Skip Navigation Links   
NOAA logo - Click to go to the NOAA homepage National Weather Service   NWS logo - Click to go to the NWS homepage
National Hurricane Center
Local forecast by
"City, St" or "ZIP"

Get Storm Info
   Satellite | Radar
   Aircraft Recon
   Advisory Archive
   Mobile Products
   E-mail Advisories
   GIS Data | RSS XML/RSS logo
   Help with Advisories
Marine Forecasts
   Atlantic and E Pacific
   Analysis Tools
   Help with Marine
Hurricane Awareness
   Be Prepared | Learn
   Frequent Questions
   AOML Research
   Hurricane Hunters
   Saffir-Simpson Scale
   Forecasting Models
   Eyewall Wind Profiles
   Storm Names
Hurricane History
   Seasons Archive
   Forecast Accuracy
   Most Extreme
About the NHC
   Mission and Vision
   Personnel | Visitors
   NHC Virtual Tour
   Joint Hurr Testbed
   The NCEP Centers
Contact UsHelp is the U.S. Government's official Web portal to all Federal, state and local government Web resources and services.

Tropical Cyclone Report

Tropical Storm Carlos

26 - 27 June 2003

Miles B. Lawrence
National Hurricane Center
4 August 2003

Carlos made landfall near Puerto Escondido, Mexico with sustained wind speeds estimated at 55 kt.

a. Synoptic History

Carlos formed from a tropical wave that moved off of the coast of Africa on 14 June. The wave was almost indiscernible on satellite imagery during its eight-day crossing of the tropical Atlantic Ocean and Caribbean Sea. On 23 June, however, it developed into an identifiable area of disturbed weather south of the Gulf of Tehuantepec. Drifting northwestward, the convection was sufficiently well-organized to assign tropical depression status early on 26 June. This was the third tropical cyclone of the eastern Pacific season. The "best track" chart of the tropical cyclone's path is given in Figure 1, and the wind and pressure histories are shown in Figure 2 and Figure 3, respectively. The best track positions and intensities are listed in Table 1.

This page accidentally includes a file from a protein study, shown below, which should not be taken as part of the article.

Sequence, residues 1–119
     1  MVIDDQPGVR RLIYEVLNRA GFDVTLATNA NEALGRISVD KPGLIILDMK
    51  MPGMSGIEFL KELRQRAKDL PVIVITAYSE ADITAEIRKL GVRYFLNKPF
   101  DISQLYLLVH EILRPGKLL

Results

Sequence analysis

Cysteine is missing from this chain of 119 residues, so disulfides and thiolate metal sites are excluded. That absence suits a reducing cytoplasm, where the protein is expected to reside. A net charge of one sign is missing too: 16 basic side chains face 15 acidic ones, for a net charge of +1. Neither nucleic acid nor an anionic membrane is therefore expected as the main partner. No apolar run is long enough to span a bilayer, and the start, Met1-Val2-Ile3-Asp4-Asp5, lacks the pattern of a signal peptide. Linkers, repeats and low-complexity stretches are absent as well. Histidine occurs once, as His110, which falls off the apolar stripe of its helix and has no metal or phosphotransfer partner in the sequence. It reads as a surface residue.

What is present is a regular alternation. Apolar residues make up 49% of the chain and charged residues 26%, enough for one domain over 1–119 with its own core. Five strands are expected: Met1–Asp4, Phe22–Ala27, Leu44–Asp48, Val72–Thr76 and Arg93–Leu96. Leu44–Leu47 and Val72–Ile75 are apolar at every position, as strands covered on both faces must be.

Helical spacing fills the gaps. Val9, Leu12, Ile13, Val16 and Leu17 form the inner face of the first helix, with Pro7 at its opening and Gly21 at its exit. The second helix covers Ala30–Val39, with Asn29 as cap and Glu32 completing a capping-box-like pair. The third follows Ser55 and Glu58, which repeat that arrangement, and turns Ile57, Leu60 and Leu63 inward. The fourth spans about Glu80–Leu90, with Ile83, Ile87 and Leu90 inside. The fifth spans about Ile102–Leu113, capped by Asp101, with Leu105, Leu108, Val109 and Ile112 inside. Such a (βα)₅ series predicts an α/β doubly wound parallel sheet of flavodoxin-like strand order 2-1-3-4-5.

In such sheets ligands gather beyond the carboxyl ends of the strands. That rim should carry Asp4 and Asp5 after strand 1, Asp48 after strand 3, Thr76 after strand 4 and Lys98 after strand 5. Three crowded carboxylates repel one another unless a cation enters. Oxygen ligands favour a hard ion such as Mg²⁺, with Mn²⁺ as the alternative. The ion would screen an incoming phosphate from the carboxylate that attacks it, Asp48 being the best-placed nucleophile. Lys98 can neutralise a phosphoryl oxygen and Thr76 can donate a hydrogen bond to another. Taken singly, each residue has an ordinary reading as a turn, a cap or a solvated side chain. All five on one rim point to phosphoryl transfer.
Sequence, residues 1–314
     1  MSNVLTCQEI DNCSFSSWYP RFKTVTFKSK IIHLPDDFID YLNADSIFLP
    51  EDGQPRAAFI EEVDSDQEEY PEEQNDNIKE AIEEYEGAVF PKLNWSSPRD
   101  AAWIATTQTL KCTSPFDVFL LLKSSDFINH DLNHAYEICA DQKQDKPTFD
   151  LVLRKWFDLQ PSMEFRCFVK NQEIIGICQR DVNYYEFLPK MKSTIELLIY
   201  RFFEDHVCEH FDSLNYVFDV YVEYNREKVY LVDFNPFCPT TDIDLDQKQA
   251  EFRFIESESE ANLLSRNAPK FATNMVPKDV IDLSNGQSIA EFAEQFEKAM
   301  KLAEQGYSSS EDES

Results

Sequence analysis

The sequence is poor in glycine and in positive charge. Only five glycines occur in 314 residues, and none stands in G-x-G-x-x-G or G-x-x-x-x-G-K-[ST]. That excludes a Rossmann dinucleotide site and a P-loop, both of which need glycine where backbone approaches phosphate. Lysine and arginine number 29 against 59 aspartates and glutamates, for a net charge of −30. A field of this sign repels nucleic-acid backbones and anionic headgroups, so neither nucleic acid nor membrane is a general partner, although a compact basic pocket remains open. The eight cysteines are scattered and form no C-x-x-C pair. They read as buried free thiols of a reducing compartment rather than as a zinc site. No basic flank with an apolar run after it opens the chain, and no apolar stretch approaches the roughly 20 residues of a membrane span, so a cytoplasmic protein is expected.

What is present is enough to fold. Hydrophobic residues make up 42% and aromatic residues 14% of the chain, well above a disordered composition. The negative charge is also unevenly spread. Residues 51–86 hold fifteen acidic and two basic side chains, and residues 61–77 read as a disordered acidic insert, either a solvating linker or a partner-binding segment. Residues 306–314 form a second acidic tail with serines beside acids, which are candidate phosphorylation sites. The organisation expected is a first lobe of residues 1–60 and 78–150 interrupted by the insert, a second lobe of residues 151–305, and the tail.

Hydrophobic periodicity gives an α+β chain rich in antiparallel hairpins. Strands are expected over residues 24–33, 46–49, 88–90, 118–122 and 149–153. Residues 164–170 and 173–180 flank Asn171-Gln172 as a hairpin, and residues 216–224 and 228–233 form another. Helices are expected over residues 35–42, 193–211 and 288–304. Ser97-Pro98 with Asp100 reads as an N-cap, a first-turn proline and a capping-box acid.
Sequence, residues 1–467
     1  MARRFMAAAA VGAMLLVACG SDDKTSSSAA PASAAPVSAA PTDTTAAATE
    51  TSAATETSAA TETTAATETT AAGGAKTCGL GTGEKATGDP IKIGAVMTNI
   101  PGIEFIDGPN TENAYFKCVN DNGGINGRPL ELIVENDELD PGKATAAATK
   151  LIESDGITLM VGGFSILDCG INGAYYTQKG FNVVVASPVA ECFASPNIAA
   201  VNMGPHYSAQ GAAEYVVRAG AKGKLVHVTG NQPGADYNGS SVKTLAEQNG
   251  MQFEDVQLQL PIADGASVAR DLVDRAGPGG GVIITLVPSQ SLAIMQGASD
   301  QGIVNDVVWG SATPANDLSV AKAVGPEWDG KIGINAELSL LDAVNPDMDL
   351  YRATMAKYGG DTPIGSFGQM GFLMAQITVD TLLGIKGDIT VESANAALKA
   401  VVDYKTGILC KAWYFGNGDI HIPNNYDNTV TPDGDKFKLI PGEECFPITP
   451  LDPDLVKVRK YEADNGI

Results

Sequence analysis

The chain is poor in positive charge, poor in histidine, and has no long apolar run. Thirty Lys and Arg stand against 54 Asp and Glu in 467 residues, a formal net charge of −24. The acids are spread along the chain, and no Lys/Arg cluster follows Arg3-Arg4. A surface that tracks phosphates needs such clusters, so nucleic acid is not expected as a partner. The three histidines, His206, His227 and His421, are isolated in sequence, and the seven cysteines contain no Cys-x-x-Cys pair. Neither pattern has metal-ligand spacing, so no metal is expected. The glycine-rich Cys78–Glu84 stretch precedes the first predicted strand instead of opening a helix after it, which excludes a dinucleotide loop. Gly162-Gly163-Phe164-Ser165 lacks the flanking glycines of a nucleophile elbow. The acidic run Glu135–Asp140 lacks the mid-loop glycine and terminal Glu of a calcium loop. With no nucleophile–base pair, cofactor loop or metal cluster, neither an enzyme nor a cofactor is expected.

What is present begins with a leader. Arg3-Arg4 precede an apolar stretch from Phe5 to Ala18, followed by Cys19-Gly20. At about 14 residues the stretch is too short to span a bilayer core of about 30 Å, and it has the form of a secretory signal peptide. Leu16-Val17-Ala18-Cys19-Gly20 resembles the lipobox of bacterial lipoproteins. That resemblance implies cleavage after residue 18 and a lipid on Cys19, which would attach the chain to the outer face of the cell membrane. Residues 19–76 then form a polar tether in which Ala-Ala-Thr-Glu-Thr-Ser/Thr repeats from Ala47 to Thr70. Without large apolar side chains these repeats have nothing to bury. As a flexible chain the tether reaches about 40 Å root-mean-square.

Still embedded in weak steering currents, the depression drifted slowly and erratically northward and strengthened. It became Tropical Storm Carlos at 1200 UTC on 26 June, while centered about 90 n mi southwest of Puerto Angel, Mexico. Continuing slowly northward, Carlos strengthened to an estimated 55-kt tropical storm before its center reached the coast of Mexico about 50 n mi west of Puerto Escondido early on the next day.

Carlos quickly weakened below tropical storm intensity on the 27th as its circulation encountered the high terrain of Mexico. The depression began a slow westward drift on the 27th, in response to weak steering from a deep-layer-mean ridge over Mexico. It drifted west to west-southwestward, moving back over the eastern Pacific waters for about 24 hours and then dissipated early on the 29th.